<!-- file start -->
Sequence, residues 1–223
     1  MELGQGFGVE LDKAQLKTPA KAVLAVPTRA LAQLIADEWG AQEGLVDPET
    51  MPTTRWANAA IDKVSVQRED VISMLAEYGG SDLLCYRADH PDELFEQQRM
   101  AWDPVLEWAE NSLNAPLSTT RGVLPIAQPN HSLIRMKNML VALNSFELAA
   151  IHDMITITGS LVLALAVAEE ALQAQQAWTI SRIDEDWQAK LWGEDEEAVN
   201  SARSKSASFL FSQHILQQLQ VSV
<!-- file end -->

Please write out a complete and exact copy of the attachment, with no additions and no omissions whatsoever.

Sequence, residues 1–223
     1  MELGQGFGVE LDKAQLKTPA KAVLAVPTRA LAQLIADEWG AQEGLVDPET
    51  MPTTRWANAA IDKVSVQRED VISMLAEYGG SDLLCYRADH PDELFEQQRM
   101  AWDPVLEWAE NSLNAPLSTT RGVLPIAQPN HSLIRMKNML VALNSFELAA
   151  IHDMITITGS LVLALAVAEE ALQAQQAWTI SRIDEDWQAK LWGEDEEAVN
   201  SARSKSASFL FSQHILQQLQ VSV